Google helps you: an art historian finds missing Monet's painting through the power of the web
This painting was recently found by art historian Richard Thomson, who conducted a simple Google search to solve this puzzle.
Thomson, a professor of Fine Art at the University of Edinburgh, had originally seen the painting was featured in Paul Hayes Tucker’s 1982 book Monet at Argenteuil, in black and white, and in a 1990s catalogue in colour, where it was "only the size of a Christmas-card postage stamp". The catalogue raisonné had listed it as being in a private collection.
Art historians apparently found out that the painting had been sold in London in 2007, in an anonymous sale at Christie’s, and with little fanfare, for £412,000 (~$550,000 US).
According to the listing on the art dealer’s website, it has only been exhibited just three times before: 'possibly' in London in 1874 and in Boston and New York in 1895.
The website of the auction house notes that Galerie Durand-Ruel, which operated in Paris between 1833 and 1974, had acquired the painting from Monet in February of 1873. Other owners include André Weil who purchased the painting in Paris; Arthur Tooth & Sons Ltd, who bought the painting at auction in London in 1948; Mrs Donaldson Magill who owned the painting in 1975.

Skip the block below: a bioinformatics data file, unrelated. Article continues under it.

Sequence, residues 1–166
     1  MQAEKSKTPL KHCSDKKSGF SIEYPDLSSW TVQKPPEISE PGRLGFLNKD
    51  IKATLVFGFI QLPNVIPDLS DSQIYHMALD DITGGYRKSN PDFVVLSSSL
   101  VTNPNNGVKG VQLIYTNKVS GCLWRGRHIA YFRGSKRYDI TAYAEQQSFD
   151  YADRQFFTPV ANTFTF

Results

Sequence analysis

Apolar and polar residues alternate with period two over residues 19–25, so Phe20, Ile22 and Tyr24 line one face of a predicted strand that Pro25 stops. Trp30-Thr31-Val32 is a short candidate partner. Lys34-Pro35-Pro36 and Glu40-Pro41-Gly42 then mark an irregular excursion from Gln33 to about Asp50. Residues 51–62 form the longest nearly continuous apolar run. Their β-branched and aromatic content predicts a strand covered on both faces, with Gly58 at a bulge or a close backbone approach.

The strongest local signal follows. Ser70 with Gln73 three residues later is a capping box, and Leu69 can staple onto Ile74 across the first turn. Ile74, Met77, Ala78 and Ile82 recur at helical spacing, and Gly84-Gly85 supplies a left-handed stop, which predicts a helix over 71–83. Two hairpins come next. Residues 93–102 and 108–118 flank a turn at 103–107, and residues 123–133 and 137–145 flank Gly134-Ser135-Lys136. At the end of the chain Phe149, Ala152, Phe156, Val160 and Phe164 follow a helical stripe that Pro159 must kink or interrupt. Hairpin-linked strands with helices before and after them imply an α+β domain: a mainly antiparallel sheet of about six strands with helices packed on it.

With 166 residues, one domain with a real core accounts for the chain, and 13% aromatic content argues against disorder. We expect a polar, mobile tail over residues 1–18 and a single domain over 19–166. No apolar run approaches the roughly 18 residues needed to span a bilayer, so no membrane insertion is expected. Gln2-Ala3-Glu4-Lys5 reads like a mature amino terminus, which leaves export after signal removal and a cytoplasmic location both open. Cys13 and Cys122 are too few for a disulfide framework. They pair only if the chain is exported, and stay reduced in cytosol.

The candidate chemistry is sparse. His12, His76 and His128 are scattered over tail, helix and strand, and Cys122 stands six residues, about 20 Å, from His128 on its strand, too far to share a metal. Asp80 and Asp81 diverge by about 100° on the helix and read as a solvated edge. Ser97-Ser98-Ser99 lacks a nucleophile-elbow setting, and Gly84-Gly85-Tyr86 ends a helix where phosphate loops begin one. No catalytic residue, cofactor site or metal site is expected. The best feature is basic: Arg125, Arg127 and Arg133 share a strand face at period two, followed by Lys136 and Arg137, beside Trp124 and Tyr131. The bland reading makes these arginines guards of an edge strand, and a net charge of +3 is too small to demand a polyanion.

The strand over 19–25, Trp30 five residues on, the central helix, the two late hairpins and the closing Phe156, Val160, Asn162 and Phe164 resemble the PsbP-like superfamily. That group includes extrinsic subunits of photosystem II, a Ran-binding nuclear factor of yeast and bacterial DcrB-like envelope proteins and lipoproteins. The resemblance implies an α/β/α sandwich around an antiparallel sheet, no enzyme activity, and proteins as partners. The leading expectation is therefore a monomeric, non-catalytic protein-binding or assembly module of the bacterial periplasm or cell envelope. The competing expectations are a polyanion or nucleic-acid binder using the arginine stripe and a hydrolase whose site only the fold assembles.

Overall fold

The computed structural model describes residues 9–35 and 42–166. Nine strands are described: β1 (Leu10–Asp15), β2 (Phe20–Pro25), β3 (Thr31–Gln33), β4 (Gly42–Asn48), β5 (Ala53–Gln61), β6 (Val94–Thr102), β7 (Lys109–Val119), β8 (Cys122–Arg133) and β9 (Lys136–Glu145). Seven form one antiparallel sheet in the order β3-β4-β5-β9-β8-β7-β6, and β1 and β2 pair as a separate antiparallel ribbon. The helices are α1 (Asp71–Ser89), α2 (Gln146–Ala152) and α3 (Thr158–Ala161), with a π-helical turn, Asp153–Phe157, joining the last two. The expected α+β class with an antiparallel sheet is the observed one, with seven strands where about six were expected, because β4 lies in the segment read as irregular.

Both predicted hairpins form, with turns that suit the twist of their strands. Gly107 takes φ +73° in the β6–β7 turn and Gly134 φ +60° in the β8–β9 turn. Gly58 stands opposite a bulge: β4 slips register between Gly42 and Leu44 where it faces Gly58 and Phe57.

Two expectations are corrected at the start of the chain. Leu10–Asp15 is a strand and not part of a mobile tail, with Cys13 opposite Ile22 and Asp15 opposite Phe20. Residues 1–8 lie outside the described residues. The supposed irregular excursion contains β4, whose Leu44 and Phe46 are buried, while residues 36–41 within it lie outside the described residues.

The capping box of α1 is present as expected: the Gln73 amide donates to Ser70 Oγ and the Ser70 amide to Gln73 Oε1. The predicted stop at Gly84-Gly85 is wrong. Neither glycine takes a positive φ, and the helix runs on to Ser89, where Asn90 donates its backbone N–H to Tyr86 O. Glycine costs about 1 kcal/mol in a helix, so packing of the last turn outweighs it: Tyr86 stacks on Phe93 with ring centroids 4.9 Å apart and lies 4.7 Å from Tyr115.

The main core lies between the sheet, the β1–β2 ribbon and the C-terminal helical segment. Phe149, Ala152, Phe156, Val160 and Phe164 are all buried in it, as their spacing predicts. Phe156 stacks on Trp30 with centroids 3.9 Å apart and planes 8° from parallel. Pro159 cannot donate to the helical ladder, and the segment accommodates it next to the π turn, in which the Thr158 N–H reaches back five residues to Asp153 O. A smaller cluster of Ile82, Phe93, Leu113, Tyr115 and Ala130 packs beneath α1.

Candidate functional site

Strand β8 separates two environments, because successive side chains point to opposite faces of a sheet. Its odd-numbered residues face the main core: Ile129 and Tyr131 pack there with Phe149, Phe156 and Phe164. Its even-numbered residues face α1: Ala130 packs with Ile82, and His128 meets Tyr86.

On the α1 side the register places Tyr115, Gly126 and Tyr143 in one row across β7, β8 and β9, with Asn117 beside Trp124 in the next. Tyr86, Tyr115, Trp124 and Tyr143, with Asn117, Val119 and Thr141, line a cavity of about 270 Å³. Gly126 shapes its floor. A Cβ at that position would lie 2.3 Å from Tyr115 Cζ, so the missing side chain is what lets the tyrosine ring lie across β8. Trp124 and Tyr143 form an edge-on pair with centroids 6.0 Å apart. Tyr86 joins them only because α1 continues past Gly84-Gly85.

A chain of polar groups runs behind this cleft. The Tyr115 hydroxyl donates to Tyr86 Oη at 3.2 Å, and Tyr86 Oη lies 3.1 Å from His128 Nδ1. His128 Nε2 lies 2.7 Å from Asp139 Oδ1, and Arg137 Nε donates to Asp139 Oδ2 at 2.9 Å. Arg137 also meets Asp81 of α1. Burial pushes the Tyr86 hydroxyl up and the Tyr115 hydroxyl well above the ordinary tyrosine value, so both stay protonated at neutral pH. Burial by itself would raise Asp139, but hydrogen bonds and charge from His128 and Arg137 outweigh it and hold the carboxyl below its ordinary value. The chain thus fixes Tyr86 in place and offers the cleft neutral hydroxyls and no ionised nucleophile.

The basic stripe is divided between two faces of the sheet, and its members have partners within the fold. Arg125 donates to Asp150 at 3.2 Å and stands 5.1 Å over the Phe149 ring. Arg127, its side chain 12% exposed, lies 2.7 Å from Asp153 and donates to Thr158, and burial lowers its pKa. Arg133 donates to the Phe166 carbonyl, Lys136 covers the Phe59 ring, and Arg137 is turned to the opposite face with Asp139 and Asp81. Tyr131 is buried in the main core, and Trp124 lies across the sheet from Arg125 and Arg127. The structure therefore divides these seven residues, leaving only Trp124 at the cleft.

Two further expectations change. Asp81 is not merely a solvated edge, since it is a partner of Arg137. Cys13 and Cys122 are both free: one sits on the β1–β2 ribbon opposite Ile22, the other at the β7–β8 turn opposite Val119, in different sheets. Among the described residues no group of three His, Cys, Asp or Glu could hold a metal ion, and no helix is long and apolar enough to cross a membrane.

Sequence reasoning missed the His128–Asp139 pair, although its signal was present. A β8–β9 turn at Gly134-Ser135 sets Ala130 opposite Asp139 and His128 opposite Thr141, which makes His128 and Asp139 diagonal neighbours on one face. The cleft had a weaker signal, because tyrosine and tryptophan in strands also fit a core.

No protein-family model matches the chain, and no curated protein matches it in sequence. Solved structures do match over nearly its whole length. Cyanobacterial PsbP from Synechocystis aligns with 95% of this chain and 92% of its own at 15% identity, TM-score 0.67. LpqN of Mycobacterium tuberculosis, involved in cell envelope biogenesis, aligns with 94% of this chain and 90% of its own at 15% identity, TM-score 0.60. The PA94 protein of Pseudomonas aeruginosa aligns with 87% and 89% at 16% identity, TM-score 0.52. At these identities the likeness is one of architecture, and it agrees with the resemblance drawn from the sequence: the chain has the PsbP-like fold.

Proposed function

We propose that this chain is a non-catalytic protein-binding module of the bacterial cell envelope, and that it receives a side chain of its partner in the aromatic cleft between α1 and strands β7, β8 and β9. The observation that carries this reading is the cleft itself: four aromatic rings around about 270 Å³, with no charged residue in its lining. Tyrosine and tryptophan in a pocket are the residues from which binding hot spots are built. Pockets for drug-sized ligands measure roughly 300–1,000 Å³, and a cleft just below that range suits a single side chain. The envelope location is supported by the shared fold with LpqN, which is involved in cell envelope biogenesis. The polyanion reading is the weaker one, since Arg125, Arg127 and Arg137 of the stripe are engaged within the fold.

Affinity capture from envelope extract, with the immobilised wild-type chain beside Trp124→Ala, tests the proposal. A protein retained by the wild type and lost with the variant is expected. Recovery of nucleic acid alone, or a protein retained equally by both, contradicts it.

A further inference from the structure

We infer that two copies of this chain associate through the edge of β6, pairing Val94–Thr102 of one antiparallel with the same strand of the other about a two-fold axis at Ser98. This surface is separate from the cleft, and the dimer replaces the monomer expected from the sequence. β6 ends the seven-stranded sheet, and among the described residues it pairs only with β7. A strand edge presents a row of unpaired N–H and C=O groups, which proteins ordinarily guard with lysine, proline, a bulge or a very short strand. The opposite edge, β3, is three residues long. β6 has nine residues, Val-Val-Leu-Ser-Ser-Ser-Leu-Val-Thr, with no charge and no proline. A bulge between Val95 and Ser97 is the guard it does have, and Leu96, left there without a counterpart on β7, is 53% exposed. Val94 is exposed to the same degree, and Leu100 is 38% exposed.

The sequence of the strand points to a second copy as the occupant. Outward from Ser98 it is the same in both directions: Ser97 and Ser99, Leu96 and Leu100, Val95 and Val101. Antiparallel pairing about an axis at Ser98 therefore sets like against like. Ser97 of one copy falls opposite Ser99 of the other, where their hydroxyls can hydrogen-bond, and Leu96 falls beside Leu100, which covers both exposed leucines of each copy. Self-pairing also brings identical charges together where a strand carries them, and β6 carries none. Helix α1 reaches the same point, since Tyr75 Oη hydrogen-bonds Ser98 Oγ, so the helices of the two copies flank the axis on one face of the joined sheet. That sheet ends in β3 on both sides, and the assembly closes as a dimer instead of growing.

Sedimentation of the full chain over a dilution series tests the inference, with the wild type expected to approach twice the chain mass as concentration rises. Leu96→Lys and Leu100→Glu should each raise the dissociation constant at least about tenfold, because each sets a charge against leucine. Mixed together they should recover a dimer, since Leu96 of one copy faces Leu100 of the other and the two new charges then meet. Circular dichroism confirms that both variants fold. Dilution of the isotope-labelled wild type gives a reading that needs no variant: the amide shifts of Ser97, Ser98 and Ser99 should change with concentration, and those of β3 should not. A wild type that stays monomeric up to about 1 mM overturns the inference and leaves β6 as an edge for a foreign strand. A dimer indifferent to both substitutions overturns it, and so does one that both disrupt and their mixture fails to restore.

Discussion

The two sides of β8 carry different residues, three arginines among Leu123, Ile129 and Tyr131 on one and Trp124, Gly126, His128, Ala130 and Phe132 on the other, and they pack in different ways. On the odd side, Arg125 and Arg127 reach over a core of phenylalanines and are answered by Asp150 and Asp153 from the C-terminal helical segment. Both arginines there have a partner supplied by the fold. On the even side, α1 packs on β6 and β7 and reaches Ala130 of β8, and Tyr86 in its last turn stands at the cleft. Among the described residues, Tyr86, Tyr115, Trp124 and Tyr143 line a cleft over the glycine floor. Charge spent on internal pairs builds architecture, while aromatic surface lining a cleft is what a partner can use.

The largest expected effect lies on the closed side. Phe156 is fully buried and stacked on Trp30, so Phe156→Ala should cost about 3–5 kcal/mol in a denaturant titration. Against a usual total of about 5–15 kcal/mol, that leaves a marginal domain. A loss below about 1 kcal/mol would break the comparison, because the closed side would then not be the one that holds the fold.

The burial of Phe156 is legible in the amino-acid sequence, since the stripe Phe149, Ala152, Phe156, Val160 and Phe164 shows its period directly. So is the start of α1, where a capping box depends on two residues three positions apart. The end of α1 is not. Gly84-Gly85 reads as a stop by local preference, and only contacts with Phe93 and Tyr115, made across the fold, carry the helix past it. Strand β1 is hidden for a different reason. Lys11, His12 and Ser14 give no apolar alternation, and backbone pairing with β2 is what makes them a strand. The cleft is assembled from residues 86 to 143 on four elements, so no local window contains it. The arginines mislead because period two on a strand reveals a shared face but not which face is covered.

Comprising more than 70 paintings by the artist, ‘Monet & Architecture' spans Claude Monet’s long career from its beginnings in the mid-1860s to the public display of his Venice paintings in 1912. It will include 10 paintings of Argenteuil and the Parisian suburbs, seven Rouen cathedrals and eight London paintings.
The painting "View of Bordighera" from the Hammer Museum in Los Angeles was chosen for the official poster of the exhibition.
While Monet is typically portrayed as a painter of landscape, of the sea, and in his later years, of gardens, an exhibition focusing on his work in terms of architecture had not been undertaken until now, the National Gallery said.
Left: Claude Monet’s The Thames Below Westminster. Photograph: National Gallery
Title illustration: Claude Monet "Effet de Brouillard" (1872)